Support for Ohio’s Issue 1 Ballot Measure in the 2018 Primary Election

The Brennan Center breaks it down

November 7, 2018

In May, Ohio voters overwhelmingly approved Issue 1, a constitutional amendment to reform the state’s congressional redistricting process. Issue 1 will require congressional district plans drawn after the 2020 census to be passed with bipartisan support, enhance transparency, and encourage public participation in the redistricting process. As part of our assessment of the support for redistricting reforms across the country, we took a deeper dive into voter support for Issue 1, breaking down the results for each of the state’s congressional districts.  

We found that Issue 1 passed with nearly 75 percent of the statewide vote cast in the May primary election and over 66 percent approval in every single congressional district — Republican and Democratic seats alike.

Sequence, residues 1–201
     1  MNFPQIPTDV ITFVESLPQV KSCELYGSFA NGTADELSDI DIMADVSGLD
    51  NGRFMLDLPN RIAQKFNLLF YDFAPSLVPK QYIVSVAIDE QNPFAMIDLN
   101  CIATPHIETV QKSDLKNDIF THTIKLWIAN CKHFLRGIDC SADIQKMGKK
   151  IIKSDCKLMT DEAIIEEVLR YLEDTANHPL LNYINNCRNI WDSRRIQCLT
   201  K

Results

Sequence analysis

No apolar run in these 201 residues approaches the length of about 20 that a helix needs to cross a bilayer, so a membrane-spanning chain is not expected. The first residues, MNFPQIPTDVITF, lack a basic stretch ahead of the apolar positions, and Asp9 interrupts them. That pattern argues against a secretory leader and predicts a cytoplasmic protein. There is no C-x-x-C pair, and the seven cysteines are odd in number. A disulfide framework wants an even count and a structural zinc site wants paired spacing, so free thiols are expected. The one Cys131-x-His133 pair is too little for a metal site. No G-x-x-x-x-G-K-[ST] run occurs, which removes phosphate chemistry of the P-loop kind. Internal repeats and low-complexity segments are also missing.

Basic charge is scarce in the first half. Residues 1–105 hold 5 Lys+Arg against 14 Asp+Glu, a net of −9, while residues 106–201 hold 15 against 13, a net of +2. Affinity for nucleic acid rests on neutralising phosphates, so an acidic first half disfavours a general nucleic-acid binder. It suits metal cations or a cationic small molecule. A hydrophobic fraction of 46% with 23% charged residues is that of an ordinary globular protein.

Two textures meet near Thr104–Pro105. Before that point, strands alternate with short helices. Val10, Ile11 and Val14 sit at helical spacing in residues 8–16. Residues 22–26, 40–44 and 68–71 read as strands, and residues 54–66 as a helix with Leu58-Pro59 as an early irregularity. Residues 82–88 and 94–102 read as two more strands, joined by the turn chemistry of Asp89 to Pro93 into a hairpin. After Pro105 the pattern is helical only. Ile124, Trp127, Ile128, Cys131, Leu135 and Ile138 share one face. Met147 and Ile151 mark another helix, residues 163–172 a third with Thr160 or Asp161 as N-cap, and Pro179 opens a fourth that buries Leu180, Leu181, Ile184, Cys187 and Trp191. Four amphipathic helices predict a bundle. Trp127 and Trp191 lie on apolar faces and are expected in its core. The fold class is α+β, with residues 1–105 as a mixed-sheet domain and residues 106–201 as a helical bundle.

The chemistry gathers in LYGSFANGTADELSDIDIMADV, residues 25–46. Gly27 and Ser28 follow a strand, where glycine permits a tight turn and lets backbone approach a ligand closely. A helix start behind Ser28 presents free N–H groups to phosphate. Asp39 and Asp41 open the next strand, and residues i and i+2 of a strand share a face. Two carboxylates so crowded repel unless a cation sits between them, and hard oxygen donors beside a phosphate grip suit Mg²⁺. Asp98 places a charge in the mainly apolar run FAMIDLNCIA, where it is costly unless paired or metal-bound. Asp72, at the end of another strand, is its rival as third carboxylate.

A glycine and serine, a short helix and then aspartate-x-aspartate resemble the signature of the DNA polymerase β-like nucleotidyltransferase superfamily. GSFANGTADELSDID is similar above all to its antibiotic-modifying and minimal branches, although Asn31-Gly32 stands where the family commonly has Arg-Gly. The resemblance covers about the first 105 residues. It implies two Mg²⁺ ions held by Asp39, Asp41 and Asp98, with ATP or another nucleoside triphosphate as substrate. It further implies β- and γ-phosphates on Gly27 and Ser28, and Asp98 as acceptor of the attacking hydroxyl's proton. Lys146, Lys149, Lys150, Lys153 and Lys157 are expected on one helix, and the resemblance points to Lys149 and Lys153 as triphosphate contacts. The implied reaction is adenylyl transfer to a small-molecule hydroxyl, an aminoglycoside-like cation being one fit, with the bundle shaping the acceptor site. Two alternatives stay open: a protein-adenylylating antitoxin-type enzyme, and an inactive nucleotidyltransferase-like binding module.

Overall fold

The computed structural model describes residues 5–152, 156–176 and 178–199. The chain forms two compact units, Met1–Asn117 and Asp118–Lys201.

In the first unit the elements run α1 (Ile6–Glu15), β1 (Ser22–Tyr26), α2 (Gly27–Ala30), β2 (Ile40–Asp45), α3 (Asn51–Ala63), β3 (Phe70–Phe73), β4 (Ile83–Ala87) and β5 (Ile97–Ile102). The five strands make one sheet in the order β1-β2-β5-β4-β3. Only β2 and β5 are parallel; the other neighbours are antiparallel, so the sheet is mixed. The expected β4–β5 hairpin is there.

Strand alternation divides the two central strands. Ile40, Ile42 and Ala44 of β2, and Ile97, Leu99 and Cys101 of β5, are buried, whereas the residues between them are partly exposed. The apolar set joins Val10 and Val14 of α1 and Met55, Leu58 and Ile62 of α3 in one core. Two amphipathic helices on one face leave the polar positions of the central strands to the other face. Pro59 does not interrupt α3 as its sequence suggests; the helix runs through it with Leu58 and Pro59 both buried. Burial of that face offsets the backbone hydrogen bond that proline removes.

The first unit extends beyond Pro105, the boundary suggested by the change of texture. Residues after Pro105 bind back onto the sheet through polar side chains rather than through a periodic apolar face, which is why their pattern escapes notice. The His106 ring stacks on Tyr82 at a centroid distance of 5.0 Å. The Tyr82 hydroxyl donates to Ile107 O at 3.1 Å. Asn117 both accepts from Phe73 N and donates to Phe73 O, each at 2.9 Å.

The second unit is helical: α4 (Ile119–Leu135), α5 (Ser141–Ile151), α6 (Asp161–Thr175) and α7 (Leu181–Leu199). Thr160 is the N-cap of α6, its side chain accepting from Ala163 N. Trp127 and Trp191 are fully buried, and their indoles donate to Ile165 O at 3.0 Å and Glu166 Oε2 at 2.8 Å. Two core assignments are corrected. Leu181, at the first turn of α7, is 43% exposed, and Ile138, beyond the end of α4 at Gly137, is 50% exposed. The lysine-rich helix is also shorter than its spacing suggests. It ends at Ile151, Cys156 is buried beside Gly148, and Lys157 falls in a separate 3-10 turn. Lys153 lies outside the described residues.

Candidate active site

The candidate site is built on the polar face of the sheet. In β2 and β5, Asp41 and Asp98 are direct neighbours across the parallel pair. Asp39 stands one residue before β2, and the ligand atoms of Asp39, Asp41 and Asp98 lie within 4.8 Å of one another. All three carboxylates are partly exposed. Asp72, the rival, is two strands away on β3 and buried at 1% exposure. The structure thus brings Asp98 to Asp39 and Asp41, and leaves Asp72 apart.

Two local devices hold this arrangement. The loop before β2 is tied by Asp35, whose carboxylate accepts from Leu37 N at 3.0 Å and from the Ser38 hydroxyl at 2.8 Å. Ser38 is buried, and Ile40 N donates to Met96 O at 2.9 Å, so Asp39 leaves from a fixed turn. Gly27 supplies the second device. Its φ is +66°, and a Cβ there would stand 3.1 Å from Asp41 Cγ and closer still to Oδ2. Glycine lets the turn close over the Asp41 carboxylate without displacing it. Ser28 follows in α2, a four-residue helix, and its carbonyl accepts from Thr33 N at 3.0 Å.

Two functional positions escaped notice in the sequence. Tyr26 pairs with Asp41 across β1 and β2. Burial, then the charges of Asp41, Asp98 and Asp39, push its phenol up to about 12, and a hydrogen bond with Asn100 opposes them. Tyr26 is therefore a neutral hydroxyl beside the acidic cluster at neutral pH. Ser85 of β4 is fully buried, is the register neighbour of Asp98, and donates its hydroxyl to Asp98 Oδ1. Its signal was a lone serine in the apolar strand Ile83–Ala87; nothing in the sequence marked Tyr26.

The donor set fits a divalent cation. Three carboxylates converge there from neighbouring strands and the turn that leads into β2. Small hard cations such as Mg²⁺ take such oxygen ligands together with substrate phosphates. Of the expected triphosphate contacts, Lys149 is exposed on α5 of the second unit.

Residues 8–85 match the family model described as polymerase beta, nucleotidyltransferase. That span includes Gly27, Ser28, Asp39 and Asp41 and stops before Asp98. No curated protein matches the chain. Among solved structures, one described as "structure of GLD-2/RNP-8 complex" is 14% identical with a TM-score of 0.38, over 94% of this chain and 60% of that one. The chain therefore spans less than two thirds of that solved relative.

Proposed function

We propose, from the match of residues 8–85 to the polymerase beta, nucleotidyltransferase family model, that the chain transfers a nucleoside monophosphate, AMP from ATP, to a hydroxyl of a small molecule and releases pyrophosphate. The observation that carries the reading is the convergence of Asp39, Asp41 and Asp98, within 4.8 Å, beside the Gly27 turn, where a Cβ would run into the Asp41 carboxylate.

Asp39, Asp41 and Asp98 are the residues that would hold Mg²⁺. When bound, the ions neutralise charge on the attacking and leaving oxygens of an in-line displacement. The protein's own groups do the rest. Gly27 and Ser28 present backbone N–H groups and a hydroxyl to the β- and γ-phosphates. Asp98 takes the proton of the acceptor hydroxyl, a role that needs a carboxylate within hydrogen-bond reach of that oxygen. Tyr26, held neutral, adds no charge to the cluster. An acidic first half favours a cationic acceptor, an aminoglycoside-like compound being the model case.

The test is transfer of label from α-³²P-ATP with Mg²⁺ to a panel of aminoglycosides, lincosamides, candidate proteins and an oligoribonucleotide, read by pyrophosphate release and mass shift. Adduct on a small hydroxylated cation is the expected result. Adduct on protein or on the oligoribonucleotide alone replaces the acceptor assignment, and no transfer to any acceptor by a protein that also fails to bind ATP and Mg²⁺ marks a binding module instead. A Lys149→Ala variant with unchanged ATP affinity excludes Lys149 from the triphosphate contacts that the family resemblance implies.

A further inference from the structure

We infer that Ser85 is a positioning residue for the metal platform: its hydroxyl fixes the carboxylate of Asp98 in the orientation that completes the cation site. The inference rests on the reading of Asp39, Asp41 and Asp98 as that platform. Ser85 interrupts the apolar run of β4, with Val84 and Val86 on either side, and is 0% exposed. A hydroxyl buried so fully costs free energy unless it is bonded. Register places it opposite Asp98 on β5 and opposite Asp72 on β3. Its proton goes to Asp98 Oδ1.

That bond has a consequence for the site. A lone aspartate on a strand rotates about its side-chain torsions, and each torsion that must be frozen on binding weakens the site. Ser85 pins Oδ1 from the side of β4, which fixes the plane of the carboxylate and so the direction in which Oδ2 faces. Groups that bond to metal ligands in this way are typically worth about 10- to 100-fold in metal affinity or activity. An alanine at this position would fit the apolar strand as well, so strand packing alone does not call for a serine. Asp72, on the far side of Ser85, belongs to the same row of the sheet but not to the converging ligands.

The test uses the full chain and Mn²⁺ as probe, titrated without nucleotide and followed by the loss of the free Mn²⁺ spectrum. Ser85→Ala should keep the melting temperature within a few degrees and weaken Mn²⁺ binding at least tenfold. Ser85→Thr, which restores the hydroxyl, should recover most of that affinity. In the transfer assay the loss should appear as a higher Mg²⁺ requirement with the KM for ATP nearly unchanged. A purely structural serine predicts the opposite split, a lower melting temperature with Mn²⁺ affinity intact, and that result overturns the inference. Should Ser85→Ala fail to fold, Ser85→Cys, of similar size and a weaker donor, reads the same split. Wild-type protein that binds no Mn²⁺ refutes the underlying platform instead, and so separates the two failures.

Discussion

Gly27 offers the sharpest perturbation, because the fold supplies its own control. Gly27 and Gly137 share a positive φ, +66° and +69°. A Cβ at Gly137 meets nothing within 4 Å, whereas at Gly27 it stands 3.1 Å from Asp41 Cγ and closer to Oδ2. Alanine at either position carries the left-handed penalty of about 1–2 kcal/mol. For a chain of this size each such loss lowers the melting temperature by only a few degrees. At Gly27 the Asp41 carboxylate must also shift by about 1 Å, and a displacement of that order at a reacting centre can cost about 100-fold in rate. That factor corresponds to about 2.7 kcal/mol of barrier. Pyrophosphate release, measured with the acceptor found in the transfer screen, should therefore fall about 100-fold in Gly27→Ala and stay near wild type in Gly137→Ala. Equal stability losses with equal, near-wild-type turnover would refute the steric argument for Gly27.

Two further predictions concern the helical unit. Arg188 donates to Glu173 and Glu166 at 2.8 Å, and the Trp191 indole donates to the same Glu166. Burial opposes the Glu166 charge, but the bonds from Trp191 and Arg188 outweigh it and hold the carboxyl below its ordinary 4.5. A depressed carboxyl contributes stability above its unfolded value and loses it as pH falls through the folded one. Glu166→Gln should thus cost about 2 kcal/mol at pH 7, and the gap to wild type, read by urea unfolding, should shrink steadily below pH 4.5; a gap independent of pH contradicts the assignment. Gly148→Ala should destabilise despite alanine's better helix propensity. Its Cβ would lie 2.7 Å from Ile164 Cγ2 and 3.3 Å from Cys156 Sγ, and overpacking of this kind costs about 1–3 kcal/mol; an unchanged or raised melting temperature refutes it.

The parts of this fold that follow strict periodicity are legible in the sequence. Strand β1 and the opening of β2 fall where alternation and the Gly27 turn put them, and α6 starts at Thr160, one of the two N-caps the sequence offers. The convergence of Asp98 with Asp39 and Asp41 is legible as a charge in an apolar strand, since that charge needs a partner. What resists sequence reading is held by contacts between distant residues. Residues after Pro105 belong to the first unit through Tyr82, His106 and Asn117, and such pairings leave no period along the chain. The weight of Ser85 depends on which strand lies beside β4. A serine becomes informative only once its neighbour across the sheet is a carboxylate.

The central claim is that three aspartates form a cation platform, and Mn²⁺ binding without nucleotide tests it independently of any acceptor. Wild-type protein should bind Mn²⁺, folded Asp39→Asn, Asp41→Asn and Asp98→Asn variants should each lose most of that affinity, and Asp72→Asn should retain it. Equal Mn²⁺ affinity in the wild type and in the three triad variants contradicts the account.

In order to estimate the approval rate of the ballot measure in each congressional district, we sorted each electoral precinct into its surrounding congressional district and then tabulated yes votes on the Issue for each district. The results, shown in a map and table below, demonstrate widespread support for the reform.

In even the least-supportive congressional district, the 6th in the southeast of the state, support for Issue 1 was more than 66 percent. Support for Issue 1 increases in the other districts, and in the 11th and 3rd districts, is about 84 percent. While support for Issue 1 is highest in the 3rd,  9th,  11th,  and 13th districts — seats held by Democratic members of the U.S. House — the ballot measure was strongly supported in districts held by Republican members of Congress as well. If we tabulate the votes on Issue 1 by county, as we do in the map below, we can also see that support for the Issue was at least 60 percent in all but two counties and still passed with 56 percent support in the least-approving county. Redistricting may be a partisan political exercise, but the effort to reform the process is strongly bipartisan.

(Image: Shutterstock.com)